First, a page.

HIV and AIDS continue to pose a significant health challenge to communities all around the world. Human immunodeficiency virus (HIV) is a virus that attacks the immune system. It can lead to acquired immune deficiency syndrome (AIDS), a condition that severely weakens immunity, and can be fatal. Currently, 35 million people worldwide are living with HIV/AIDS.
World AIDS Day, held on 1 December each year, aims to raise awareness across the world about issues surrounding HIV and AIDS, as well as to show support for people living with HIV and to remember people who have died. This year’s World AIDS Day is focused on the theme of ‘Getting to Zero: Zero new HIV infections. Zero discrimination. Zero AIDS related deaths.’
One of the first steps to creating change is to encourage greater understanding of HIV and AIDS. There are many myths and misconceptions surrounding the diseases, which can result in stigma and discrimination, as well as creating barriers to prevention and treatment.
Here are five common myths and misconceptions about HIV/AIDS – and the truth behind them.
1. MYTH: HIV and AIDS are the same thing
HIV is the virus that causes AIDS – they are not the same thing. When someone is described as being HIV-positive or living with HIV, that means they have Human Immunodeficiency Virus in their body. Over time, HIV weakens or breaks down the immune system, making the body vulnerable to disease and infection. For some people living with HIV, they may not notice any serious symptoms for years, while some will experience flu-like symptoms.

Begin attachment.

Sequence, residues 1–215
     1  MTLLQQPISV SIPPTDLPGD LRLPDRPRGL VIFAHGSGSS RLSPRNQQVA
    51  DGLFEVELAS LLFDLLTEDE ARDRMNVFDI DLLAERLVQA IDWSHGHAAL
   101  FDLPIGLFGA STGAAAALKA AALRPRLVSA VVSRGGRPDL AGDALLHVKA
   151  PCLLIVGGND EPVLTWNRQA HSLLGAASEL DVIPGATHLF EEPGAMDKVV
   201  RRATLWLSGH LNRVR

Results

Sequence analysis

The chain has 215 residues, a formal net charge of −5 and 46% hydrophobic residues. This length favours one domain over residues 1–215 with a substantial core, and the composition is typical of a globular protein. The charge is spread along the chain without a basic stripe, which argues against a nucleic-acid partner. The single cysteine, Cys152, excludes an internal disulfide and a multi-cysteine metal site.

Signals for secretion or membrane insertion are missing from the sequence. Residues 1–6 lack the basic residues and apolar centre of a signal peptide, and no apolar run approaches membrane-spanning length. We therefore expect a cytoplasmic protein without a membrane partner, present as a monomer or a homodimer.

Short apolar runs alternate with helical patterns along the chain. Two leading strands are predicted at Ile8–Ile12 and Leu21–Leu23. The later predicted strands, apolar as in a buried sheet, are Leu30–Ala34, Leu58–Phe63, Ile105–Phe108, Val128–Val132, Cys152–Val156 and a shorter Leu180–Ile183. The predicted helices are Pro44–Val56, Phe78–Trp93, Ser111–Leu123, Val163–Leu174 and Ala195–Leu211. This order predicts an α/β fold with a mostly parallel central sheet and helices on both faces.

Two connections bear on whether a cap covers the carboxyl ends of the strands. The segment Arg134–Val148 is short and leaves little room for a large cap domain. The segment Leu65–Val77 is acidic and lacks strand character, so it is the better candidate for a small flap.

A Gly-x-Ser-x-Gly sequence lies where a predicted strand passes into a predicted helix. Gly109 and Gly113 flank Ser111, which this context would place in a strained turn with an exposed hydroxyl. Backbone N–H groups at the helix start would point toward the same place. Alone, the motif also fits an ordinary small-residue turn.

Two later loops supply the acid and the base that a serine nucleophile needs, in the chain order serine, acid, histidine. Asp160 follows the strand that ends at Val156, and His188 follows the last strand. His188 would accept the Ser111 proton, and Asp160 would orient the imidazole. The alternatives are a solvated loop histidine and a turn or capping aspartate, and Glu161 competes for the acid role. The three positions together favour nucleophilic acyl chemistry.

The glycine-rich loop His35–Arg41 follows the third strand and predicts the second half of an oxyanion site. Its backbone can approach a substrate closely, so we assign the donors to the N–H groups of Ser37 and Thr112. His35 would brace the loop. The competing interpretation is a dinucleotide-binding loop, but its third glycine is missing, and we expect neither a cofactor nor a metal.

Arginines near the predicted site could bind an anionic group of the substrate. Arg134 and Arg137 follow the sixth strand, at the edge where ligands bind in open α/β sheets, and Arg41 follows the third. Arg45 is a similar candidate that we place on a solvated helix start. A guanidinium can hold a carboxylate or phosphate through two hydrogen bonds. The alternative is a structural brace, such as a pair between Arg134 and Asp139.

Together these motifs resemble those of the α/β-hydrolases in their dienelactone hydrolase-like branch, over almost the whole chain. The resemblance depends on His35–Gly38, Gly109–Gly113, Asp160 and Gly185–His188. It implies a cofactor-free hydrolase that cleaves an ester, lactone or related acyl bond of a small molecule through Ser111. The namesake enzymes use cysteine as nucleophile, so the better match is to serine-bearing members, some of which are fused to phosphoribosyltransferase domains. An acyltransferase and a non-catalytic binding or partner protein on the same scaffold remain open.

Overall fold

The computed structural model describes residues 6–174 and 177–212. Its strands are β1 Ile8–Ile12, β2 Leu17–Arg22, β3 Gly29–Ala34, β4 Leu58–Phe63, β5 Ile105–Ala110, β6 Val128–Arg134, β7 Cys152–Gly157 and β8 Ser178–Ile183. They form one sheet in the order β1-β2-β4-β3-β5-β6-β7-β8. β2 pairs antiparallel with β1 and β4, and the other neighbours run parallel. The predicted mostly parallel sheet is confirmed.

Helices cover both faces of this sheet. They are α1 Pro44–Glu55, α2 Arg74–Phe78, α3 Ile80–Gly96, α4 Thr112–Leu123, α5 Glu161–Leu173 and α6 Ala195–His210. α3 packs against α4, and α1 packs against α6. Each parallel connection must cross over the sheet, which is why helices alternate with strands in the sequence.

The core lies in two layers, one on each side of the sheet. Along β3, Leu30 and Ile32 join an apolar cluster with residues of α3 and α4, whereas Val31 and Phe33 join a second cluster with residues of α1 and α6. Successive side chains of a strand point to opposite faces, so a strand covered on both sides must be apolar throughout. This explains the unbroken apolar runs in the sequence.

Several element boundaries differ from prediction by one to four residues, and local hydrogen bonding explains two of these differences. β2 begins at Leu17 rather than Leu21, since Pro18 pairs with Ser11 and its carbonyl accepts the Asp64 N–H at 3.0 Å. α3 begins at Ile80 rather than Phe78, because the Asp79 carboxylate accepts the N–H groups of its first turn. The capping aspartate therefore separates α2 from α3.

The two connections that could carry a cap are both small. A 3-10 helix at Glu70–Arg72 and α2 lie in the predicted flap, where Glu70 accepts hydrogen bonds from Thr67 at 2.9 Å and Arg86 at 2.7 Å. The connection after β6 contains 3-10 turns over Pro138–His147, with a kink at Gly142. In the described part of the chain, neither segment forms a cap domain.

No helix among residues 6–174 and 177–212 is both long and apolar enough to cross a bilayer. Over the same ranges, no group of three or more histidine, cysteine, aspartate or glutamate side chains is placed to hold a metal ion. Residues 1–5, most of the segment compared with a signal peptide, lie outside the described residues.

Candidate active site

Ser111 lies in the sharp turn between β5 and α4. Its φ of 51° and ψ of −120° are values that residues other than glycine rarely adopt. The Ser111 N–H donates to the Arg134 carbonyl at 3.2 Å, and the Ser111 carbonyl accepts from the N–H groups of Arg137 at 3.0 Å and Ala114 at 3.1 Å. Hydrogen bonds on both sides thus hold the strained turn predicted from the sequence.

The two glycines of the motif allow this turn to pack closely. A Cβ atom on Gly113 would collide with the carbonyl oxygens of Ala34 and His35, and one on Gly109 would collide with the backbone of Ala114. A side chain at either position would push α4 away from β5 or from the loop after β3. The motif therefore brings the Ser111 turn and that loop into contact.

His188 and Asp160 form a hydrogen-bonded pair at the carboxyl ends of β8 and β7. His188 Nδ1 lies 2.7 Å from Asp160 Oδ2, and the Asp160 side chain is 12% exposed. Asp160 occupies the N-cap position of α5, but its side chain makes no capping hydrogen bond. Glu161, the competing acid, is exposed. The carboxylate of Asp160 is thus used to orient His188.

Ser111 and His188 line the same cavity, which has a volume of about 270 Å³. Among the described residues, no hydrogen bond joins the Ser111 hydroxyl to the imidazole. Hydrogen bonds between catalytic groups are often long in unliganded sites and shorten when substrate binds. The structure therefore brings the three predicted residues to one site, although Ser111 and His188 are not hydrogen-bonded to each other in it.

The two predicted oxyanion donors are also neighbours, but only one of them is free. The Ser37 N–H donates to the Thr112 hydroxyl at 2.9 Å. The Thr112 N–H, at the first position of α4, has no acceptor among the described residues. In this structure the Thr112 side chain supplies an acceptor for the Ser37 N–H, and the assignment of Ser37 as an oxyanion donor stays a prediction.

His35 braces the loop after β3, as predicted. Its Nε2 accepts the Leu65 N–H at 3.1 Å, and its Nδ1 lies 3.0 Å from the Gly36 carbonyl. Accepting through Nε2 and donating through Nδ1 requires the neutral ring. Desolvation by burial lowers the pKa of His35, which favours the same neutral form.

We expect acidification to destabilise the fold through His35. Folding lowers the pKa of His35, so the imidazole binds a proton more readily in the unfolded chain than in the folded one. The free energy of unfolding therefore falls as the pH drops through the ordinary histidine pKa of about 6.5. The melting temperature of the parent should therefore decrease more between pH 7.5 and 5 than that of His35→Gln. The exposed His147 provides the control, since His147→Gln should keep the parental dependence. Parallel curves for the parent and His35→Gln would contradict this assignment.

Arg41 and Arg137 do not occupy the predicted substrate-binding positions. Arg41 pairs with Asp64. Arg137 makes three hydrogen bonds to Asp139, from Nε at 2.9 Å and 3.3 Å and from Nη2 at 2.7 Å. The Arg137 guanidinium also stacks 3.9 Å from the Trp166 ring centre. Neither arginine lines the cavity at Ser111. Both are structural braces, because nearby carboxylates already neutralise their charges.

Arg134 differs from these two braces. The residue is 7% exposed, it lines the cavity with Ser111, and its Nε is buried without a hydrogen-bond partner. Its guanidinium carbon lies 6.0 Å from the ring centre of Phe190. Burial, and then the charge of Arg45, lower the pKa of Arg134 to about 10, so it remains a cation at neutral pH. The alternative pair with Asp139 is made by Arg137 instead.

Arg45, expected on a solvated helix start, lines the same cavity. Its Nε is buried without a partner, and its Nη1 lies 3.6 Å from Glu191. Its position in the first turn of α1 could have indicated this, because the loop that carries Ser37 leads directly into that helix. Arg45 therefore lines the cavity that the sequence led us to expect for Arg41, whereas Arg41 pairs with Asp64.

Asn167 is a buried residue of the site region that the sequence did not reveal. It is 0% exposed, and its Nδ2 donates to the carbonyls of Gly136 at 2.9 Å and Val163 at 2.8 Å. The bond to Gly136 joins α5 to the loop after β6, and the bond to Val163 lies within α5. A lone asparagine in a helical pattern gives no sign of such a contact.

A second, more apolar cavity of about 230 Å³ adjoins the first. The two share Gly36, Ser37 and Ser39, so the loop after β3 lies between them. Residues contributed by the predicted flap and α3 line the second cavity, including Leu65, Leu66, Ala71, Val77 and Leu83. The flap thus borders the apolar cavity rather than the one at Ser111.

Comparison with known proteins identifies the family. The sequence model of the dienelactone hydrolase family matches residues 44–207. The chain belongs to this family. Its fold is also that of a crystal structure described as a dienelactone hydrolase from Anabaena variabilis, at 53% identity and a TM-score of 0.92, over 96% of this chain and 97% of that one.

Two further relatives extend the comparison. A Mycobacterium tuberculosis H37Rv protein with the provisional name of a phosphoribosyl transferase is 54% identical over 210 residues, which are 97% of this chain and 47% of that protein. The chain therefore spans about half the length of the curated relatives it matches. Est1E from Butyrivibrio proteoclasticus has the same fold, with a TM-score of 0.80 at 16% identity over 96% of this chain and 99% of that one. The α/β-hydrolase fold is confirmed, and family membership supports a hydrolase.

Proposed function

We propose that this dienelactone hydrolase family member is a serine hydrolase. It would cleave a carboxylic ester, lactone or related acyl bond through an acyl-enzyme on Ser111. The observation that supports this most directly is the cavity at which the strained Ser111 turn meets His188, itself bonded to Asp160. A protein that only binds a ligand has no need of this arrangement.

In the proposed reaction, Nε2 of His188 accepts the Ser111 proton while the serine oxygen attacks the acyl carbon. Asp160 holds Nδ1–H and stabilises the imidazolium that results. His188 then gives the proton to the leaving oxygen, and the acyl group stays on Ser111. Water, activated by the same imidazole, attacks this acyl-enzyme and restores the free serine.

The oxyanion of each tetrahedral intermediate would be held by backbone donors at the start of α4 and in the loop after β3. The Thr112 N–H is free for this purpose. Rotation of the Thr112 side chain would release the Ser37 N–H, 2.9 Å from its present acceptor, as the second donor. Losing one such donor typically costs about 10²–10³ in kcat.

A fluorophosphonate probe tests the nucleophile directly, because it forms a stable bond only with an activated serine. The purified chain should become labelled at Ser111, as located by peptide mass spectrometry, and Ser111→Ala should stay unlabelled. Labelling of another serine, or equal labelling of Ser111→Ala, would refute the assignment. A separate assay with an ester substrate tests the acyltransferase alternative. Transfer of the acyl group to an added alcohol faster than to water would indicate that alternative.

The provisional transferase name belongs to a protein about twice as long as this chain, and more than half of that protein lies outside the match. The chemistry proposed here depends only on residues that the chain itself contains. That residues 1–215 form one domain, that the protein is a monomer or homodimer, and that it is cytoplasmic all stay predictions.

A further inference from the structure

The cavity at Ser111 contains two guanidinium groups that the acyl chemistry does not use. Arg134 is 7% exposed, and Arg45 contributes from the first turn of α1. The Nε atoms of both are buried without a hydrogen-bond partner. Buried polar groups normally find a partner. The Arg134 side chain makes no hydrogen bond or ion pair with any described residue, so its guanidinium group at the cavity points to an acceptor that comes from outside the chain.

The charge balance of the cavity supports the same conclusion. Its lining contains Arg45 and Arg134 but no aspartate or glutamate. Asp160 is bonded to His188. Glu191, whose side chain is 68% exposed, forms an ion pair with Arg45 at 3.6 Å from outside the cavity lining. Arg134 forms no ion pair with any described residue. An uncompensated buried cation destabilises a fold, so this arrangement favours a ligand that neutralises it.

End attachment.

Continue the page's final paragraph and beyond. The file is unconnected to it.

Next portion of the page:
After many years of damage to the immune system caused by HIV, the person can develop Acquired Immune Deficiency Syndrome, or AIDS. This means the immune system is so weak it can no longer fight off a range of diseases with which it would normally cope.
2. MYTH: HIV/AIDS isn’t a problem in Australia
It is true that the situation in Australia is far less dire than in other countries around the world. The vast majority of people living with HIV are in low- and middle-income countries, with Sub-Saharan Africa home to 71% of all people living with HIV. However, HIV still exists in Australia. It is estimated that there are around 24,700 people living with HIV in Australia, with 1,236 new diagnoses in 2013.
3. MYTH: I shouldn’t get too close to someone with HIV/AIDS
HIV can be transmitted through contact with infected blood, semen, vaginal fluids, and breast milk. For this reason, most cases are transmitted through unprotected sexual contact. It can also be transmitted through needles contaminated with HIV-infected blood (such as needles used for injecting drugs, tattooing or body piercing.)
You cannot get HIV from simply being around someone who is HIV positive. Things like hugging, holding hands, sharing drinking glasses and eating utensils, sharing exercise equipment, sharing toothbrushes or razors, coughing and sneezing pose no threat. There is no proven case of transmission from the tears, sweat or saliva of an infected person.
4. MYTH: Only gay men, sex workers and drug users get HIV/AIDS
Anyone can become HIV-positive. Everyone, regardless of their sexual orientation, is at risk of getting HIV from blood-to-blood contact, sharing needles and unsafe sex. It is true that most men do become HIV-positive through sexual contact with other men, due to the greater risk of blood contact, but around 16% of men and 78% of women become HIV-positive through unsafe heterosexual contact. Globally, HIV is spread most often through heterosexual contact.
5. MYTH: HIV/AIDS is a death sentence
When the AIDS epidemic first became prevalent in the 80s and 90s, the death rate was extremely high, and a diagnosis of HIV seemed a lot like a death sentence. However, over time the medicines available to treat HIV have become better, more effective and easier to take. While there is still no cure in sign, antiretroviral drugs allow people with HIV and even AIDs to live much longer, healthier lives.
How to prevent HIV transmission
• Always practice safer sex.
• Don’t share needles or personal care items like razors.
• Get tested – a confidential blood test can be done at any GP or sexual health clinic.
Find out more at worldaidsday.org.au